Michael Jackson and the limits of patient autonomy
Dr Conrad Murray was convicted of the involuntary manslaughter of Michael Jackson for negligently causing his death when complying with Jackson’s request to give him the anaesthetic propofol at home. The case raises the issue of the relative nature of patient autonomy, because the other bioethical principles of beneficence, non-maleficence and justice or fairness must also be applied where appropriate. Doctors should not accede to requests from their patients to engage in unethical or illegal conduct, as such requests will be no defence to disciplinary or criminal charges. Such requests will also be no defence to civil actions if the harmful conduct by the doctor is the result of illegality, fraud or gross negligence. South African doctors faced with requests similar to those received by Dr Murray from Jackson will be judged by the standard of reasonably competent practitioners in the same situation. Doctors are well advised to refuse requests to circumvent good medical practice and instead to seek other remedies, even if it means limiting patient autonomy and losing their patients.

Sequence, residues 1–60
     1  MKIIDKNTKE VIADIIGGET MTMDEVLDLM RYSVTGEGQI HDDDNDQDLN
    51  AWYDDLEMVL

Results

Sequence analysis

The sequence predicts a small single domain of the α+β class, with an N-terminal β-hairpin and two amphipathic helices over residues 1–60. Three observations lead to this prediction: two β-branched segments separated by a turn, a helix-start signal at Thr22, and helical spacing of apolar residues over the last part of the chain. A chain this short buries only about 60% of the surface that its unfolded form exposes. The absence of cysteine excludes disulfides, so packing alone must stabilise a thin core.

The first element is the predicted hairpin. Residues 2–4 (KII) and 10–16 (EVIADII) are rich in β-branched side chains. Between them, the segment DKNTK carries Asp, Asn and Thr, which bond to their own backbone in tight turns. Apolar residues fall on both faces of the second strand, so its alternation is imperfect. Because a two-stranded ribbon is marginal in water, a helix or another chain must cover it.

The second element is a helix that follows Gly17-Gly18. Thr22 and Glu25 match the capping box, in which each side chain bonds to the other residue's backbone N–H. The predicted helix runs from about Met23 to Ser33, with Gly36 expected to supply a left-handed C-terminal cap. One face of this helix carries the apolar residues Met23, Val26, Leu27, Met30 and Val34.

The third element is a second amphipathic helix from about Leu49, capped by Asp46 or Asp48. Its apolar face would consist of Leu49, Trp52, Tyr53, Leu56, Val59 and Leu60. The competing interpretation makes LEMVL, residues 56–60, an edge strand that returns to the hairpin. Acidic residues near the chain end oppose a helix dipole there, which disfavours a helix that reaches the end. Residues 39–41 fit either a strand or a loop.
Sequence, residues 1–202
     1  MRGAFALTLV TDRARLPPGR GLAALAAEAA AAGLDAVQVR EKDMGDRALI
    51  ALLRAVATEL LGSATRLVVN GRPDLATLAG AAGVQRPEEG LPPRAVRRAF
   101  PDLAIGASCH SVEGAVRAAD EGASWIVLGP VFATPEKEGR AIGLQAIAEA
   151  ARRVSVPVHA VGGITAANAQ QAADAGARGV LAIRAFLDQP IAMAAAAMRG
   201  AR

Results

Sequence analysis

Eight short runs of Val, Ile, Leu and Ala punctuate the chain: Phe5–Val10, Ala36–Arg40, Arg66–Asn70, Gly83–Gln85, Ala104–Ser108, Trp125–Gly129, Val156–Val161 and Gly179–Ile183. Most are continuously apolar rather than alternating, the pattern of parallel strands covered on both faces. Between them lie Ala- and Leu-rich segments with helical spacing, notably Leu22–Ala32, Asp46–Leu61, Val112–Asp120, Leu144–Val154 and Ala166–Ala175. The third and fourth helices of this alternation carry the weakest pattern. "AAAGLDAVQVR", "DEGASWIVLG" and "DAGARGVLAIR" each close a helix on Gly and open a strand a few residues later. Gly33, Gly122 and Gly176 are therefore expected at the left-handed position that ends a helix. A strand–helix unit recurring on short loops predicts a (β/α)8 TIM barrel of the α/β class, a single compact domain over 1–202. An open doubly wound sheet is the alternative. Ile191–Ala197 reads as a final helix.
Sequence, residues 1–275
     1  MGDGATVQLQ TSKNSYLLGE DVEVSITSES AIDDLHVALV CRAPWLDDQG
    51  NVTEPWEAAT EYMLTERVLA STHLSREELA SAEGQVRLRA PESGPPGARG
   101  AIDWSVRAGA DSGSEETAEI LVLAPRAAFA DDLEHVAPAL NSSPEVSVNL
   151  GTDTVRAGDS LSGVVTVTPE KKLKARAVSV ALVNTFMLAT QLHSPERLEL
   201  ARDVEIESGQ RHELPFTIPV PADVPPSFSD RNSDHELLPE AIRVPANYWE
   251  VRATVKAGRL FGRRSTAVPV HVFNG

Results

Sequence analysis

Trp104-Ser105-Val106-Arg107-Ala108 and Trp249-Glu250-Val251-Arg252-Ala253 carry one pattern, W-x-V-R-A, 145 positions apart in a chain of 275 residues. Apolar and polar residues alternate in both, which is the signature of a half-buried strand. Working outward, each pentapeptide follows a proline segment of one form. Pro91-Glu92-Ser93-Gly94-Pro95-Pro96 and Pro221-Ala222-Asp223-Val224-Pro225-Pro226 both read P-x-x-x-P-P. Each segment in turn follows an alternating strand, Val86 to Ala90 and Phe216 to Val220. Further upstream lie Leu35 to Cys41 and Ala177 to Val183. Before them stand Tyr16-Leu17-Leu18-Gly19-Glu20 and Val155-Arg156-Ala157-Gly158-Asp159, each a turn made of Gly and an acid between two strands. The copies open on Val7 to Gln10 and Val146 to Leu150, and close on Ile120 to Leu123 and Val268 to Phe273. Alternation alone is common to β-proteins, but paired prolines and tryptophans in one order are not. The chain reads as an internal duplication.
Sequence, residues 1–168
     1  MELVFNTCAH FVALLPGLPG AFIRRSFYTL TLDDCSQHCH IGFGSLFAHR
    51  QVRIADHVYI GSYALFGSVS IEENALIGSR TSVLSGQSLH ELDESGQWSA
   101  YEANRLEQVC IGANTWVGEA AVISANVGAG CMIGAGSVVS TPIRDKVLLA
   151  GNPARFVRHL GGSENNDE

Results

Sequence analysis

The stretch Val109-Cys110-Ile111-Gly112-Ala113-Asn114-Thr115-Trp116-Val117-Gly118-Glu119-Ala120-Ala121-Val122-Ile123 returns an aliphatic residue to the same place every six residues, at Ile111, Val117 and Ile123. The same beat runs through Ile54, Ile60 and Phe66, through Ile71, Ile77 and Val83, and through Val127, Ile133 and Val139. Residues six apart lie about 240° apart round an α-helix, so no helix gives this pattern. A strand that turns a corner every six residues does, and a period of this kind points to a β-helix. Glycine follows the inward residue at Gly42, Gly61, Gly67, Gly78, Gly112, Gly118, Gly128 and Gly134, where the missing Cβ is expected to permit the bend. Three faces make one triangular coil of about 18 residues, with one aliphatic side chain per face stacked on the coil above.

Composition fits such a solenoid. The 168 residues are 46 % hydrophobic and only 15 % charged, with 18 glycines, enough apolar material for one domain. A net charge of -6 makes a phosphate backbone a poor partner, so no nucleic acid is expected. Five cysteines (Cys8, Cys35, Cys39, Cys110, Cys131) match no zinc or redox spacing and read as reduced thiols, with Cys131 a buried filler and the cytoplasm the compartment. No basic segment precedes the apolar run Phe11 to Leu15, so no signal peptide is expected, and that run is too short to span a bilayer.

David Jan McQuoid-Mason, Professor of Law, Advocate of the High Court of South Africa, Fellow of the University of KwaZulu-Natal, Acting Director, Centre for Socio- Legal Studies, University of KwaZulu-Natal, Durban
Patient autonomy; Bioethical principles; Michael Jackson
Cite this article
South African Journal of Bioethics and Law 2012;5(1):11-14.
Date submitted: 2012-01-13
Date published: 2012-06-14
Abstract views: 4536
Full text views: 6654
Comments on this article
*Read our policy for posting comments here